3. Well, better late than never I suppose, to realize ones mistakes. It would certainly be nice however, if the rhetoric on Iraq would change. It’s not particularly helpful at this point. With Murtha wounded, and Rangel seemingly drunk all the time, I’m not holding my breath, though. Maybe these Blue dog Dims can reign in the hard lefties and actually “return the civility” that’s been promised. Once again, not holding my breath.

  4. Adams discusses Boomers with Thomas Jefferson:

    “Will you tell me how to prevent riches from being the effects of temperance and industry? Will you tell me how to prevent riches from producing luxury? Will you tell me how to prevent luxury from producing effeminacy, intoxication, extravagance, vice, folly and Abbie Hoffman?”

    Conroy’s piece reminds me of P.J. O’Rourke’s wea culpa:

    “Like many men of my generation, I had an opportunity to give war a chance, and I promptly chickened out. I went to my draft physical in 1970 with a doctor’s letter about my history of drug abuse. The letter was four and a half pages long with three and a half pages devoted to listing the drugs I’d abused. I was shunted into the office of an Army psychiatrist who, at the end of a forty-five minute interview with me, was pounding his desk and shouting, “You’re fucked up! You don’t belong in the Army!” He was certainly right on the first count and possibly right on the second. Anyway, I didn’t have to go. But that, of course, meant someone else had to go in my place. I would like to dedicate this book to him.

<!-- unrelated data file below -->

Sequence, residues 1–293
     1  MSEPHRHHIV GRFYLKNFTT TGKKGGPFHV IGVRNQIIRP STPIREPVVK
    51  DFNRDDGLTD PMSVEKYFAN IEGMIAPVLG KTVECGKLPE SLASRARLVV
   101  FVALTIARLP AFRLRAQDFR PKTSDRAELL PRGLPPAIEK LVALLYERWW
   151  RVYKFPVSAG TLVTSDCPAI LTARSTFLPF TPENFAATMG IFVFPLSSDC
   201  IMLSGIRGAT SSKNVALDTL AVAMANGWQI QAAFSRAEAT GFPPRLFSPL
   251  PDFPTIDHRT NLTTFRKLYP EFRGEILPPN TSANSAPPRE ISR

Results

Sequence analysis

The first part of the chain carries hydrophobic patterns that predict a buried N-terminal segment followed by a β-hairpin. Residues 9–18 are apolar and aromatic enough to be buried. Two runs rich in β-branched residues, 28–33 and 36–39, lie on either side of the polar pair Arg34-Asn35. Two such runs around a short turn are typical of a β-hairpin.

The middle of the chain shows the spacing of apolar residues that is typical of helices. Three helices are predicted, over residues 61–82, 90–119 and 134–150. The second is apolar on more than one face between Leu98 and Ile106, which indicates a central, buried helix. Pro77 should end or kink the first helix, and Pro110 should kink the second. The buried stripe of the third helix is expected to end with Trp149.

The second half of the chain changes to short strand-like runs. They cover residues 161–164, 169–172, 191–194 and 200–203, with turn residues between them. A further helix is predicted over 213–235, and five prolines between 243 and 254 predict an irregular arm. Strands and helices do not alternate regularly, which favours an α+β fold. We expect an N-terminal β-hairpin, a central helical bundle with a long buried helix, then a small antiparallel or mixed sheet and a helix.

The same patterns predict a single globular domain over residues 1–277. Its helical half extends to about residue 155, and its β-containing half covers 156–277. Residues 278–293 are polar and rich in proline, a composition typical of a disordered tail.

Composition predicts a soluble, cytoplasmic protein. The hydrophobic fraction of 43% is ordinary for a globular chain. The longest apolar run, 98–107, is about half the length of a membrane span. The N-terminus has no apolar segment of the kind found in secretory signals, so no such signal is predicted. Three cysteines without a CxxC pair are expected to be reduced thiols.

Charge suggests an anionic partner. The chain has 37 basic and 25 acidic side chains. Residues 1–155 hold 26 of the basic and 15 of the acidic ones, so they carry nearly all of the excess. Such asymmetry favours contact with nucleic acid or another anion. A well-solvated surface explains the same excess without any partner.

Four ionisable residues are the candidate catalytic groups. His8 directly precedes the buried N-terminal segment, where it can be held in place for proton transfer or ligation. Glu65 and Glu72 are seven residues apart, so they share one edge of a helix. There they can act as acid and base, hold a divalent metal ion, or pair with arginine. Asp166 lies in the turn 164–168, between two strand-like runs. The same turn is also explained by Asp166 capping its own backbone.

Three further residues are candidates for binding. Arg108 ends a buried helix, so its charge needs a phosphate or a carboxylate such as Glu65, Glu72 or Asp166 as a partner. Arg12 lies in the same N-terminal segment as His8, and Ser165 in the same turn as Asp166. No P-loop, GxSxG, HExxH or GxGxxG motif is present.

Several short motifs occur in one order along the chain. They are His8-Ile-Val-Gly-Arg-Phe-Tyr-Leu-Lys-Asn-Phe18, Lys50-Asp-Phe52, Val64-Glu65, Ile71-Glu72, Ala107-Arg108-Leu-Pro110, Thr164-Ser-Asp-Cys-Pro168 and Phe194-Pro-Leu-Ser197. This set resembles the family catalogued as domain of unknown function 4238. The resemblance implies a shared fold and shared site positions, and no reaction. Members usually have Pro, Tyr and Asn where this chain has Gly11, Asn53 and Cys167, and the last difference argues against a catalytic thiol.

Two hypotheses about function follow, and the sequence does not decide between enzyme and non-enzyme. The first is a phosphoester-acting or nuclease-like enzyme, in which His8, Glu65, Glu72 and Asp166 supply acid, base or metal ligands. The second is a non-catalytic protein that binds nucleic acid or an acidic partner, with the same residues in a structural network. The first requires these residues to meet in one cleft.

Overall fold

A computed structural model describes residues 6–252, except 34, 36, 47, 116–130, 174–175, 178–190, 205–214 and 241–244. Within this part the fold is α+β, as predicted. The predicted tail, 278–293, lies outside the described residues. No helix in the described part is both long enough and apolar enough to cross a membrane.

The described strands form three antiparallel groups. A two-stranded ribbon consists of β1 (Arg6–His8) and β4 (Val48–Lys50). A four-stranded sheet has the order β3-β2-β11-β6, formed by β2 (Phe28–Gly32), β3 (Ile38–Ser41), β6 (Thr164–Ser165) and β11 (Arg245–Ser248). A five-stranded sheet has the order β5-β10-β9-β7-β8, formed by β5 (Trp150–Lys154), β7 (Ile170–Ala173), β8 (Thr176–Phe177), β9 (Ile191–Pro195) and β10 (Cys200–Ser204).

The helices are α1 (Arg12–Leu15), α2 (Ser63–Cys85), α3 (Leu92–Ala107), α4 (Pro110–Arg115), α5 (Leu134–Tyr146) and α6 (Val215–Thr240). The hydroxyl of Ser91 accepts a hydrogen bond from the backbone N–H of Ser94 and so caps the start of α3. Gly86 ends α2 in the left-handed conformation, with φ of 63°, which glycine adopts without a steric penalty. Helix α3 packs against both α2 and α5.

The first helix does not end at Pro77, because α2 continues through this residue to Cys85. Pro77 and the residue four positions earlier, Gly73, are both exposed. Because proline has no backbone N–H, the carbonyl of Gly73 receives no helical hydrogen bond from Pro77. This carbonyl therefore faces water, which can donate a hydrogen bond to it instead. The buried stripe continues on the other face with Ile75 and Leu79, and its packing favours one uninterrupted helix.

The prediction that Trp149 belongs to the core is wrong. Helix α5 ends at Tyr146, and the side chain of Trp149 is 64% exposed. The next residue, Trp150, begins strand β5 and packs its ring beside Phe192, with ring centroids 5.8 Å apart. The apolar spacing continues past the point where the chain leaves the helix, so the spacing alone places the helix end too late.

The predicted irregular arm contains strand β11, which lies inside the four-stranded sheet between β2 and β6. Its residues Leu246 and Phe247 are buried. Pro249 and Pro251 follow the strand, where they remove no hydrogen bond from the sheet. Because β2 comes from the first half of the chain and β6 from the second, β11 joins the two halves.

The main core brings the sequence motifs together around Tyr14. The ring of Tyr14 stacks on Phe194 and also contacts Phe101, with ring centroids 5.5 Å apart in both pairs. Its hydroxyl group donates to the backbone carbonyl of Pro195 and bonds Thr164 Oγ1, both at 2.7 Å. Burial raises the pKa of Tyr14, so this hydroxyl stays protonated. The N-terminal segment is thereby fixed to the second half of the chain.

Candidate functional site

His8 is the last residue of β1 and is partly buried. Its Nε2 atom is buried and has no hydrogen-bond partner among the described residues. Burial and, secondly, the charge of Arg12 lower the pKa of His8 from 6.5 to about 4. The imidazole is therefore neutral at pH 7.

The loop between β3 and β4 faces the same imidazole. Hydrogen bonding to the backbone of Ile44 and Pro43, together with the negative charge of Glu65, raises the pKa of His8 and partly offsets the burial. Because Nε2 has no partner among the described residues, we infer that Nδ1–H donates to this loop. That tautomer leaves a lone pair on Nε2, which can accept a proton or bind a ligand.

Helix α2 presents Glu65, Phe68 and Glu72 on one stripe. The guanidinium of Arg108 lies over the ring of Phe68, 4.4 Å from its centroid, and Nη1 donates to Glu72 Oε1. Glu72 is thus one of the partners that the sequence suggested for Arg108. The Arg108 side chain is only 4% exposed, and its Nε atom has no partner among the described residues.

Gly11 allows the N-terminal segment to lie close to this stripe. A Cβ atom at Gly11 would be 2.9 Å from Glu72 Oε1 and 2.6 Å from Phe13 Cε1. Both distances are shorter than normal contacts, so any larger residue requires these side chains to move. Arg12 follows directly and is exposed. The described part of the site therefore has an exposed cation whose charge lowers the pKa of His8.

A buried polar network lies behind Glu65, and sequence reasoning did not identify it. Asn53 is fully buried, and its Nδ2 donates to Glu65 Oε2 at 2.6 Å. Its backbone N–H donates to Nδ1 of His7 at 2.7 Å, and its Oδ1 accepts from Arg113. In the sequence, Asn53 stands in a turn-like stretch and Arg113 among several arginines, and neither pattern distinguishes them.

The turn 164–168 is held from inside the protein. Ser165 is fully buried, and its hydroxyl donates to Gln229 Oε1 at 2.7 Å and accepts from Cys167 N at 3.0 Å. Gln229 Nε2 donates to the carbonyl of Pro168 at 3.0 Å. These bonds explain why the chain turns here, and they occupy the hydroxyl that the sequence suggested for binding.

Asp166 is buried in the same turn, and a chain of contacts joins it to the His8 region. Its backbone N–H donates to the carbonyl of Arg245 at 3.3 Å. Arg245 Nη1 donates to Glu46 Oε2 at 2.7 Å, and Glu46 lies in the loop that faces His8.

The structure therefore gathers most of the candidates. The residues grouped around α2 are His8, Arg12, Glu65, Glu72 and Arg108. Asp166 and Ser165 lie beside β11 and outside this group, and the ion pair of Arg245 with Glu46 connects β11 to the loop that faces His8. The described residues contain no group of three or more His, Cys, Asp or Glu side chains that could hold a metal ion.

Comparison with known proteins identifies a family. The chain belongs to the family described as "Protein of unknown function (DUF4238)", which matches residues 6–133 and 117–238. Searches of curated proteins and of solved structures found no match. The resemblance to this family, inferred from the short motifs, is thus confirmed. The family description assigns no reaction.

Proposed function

I hope you got back in one piece, fellow. I hope you were more use to your platoon mates than I would have been. I hope you’re rich and happy now. And in 1971, when somebody punched me in the face for being a long-haired peace creep, I hope it was you.”

    Daniel Webster once said “No man can suffer too much, and no man can fall too soon, if he suffer or if he fall in defense of the liberties and constitution of his country.”

    Conroy goes even farther: “I have come to a conclusion about my country that I knew then in my bones but lacked the courage to act on: America is good enough to die for even when she is wrong.”

    Wow. And he’s right, of course.

    The other day, I heard John Fogerty sing ‘Fortunate Son’, his ‘Nam-era anti-war anthem. There is some truth (but some falsity) in his indictment of privilege, but he misses an essential point: just to be alive and living in America today makes us all fortunate sons.

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"America is at that awkward stage. It's too late to work within the system, but too early to shoot the bastards." – Claire Wolfe, 101 Things to Do 'Til the Revolution